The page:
Late 1980’s Software For Digital Signage (Thx @ScalaInc)

Adrian J Cotterill, Editor-in-Chief

As we continue our Software Holocron and unearth more history about the early days of the industry we have been finding (and of course have been sent) some interesting early photos – forgive us for continuing to say but they all make an absolute mockery of all the Minkus Minkus patent trolls out there.

Shown above, courtesy of Scala / SignChannel’s Jeff Porter is a picture from the late 1980’s taken in an Esso petrol (for American readers this is an Exxon Gas) station in Norway of a TV set hanging above the cash wrap promoting things on sale at that forecourt / convenience store.

Jeff reminds us that at the time (definitely pre-World Wide Web and pre-Internet) 1200 baud modems were about as fast as you could get then.

He explained by email “when your Scala ‘Master’ would call the ‘Player’, it would literally dial the phone number of the player directly, and hope the modem answered”.

New content was then downloaded in the background while the ‘Player’ continued to play the existing content on the TV screen.

Jeff tells us that he first got hooked on the concept of Digital Signage when he was head of R&D for Commodore. He tells us “I met a funny Norwegian guy named Jon Bøhmer. He had this killer program called Scala for the Amiga that he had developed in Norway, It was amazingly simple to use and produced the slickest looking multimedia”

That product was called InfoChannel and we believe that it was the first software for digital signage, mind you, the actual term ‘digital signage’ – a term usually attributed to John Kirkpatrick wouldn’t actually be coined until some years later!

Whatever you think of the current day Scala, there is no doubting that at the time they were once thirty years ahead of their time!


6 Responses to “Late 1980’s Software For Digital Signage (Thx @ScalaInc)”

  1. Neil Farr Says:

    Ahhh, Commodore, I remember the days!

    In 1993 we (my previous company – Comunik8 ltd) released ‘Checkout TV’ using Scala on Commodore Amiga 1200s with a 14.4Kbps modem and a VHS player + Genlock… Midlands Co-Ops had 20″ TV sets on top of poles around the stores and of course between the checkouts showing a variety of vidoes, Ads and Gardening/Recipes.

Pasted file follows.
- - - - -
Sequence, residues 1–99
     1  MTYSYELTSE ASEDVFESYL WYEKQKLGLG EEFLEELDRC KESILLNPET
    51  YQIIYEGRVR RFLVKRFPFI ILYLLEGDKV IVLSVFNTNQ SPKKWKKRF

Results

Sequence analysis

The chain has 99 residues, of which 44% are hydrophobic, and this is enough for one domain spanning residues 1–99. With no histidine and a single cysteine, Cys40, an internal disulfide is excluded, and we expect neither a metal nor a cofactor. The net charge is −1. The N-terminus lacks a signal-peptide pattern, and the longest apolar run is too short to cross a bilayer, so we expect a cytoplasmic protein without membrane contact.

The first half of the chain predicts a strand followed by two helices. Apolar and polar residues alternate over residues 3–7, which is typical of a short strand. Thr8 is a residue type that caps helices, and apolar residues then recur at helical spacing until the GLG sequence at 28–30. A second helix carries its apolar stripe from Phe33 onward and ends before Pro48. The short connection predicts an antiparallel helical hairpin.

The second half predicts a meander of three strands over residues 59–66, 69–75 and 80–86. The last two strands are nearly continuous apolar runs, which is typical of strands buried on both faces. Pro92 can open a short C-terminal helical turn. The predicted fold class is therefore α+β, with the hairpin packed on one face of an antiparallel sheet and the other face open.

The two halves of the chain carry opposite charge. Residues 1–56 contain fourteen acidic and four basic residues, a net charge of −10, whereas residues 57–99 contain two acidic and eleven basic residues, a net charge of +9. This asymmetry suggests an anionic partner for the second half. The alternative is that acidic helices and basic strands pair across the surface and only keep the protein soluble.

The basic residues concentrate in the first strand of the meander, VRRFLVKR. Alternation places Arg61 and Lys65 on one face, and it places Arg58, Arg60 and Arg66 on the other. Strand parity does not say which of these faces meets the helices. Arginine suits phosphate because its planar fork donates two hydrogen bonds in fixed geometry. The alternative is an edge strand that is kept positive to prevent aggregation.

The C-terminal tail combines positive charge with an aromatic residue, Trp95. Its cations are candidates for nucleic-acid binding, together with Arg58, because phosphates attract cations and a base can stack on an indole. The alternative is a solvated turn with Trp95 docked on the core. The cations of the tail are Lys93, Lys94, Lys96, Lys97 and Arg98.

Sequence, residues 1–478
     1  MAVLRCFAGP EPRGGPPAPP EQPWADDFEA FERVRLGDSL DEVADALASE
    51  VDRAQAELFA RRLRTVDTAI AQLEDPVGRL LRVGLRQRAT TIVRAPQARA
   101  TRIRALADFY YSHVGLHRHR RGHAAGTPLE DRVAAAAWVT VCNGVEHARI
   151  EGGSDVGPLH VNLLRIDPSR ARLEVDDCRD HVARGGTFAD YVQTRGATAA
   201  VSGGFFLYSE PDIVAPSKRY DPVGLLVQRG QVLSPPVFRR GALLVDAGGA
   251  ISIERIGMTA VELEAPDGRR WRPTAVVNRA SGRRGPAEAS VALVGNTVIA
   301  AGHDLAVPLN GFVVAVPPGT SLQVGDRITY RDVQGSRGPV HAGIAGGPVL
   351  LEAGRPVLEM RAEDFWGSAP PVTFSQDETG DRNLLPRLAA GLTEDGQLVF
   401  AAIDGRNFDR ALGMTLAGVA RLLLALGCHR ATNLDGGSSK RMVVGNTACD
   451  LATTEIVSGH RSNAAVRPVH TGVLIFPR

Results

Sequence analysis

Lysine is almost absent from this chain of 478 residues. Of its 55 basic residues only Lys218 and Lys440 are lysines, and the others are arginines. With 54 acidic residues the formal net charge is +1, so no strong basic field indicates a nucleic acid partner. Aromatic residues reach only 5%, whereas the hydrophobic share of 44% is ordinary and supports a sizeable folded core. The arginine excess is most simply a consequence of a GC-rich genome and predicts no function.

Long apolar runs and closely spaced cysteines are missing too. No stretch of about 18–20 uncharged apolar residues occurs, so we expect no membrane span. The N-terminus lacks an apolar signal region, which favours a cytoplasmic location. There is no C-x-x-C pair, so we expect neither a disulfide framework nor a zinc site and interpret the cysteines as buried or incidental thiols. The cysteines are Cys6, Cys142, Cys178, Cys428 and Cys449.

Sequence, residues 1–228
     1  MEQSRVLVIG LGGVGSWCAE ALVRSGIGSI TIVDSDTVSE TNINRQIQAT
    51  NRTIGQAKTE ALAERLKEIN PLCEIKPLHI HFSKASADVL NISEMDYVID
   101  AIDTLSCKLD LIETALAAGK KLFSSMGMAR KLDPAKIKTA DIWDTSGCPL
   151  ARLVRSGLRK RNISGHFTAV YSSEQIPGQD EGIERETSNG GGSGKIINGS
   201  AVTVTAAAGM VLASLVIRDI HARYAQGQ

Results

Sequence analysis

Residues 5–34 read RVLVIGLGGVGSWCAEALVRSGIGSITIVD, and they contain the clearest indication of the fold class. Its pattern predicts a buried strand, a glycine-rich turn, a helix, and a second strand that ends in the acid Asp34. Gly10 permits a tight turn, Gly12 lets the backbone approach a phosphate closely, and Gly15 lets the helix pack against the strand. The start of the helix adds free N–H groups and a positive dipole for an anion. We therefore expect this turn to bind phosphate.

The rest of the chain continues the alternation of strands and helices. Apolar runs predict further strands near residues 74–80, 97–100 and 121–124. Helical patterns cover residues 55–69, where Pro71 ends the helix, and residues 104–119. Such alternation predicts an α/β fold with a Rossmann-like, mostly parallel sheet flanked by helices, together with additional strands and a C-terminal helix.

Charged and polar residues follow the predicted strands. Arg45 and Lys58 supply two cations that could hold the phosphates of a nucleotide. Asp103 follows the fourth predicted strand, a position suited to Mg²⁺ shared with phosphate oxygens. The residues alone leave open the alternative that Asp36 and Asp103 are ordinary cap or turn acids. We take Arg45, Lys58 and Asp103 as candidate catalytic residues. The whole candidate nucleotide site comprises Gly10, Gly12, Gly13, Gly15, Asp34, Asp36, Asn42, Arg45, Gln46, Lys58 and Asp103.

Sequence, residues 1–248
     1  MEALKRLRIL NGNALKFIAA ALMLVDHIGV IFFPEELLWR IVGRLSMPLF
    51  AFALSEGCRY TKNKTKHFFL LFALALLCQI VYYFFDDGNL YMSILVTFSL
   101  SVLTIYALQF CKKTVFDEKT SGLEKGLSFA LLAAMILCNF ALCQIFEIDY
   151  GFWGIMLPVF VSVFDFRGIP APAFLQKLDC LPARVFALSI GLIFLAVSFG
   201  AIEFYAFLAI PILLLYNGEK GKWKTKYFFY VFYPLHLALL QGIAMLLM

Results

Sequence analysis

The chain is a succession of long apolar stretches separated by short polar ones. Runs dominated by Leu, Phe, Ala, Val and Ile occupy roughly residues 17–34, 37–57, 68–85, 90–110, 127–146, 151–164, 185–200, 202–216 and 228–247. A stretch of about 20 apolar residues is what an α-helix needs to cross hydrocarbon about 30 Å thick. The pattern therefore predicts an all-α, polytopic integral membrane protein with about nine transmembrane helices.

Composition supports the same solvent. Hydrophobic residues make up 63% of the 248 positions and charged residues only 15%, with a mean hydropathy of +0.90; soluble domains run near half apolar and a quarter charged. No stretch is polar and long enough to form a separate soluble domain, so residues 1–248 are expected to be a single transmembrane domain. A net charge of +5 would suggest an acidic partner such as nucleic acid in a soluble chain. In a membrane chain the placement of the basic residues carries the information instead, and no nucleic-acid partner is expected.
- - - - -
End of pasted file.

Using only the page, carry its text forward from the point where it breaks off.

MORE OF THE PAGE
Scala’s Infochannel software was perfect for displaying content which could be easily updated and was TV quality so fitted with the rest of the content. In fact, we used Scala a lot for interactives too.

    Thanks all for sparking off the memories – just found the old photos too (will try and get them to Adrian).

  2. Barnaby Page Says:

    I don’t know if you acquired the aka.tv archive along with the domain, but if so have a look – back in 2004-5ish Bill Collins wrote a piece on what he reckoned was the oldest installation of digital signage in the U.S. Frustratingly I can’t recall the exact context but I think it might have been at a truck stop, or something like that.

  3. Phil Austin Says:

    I installed Scala software into Lunn Poly travel shops in1997. Scala powered rear projection window displays and multiple in shop CRT screens throughout a series of high profile retail travel shops.

  4. Barry Thurston Says:

    Minkus Sminkus! There was a Lovely bloke called Wolfgang Mandler selling InfoChannel from “Digital Vision AS” (Scala before it became Scala) to Hotels throughout Norway back in 1987, a number running on modems somewhat slower than 14.4, four years before Scala UK was founded. I also remember Comunik8’s Co-op offering and very good it was too. Hi Neil!

    Another Amiga based DS offering at that time was Limelight from Chris Fulton at Future Software. It even had the ability to set the display up to compensate for bezel gap on any configuration of video wall. Really necessary in those days but I never saw it in any other offering.

  5. ANON Says:

    pre-web yes, pre-Internet I don’t think so

  6. Neil Farr Says:

    Hi Barry! Thanks, I remember working with you guys back then. Hope you’re well!

    Hi Phil, didn’t realise it was you that did the Lunn Poly Shops! That was a good install.

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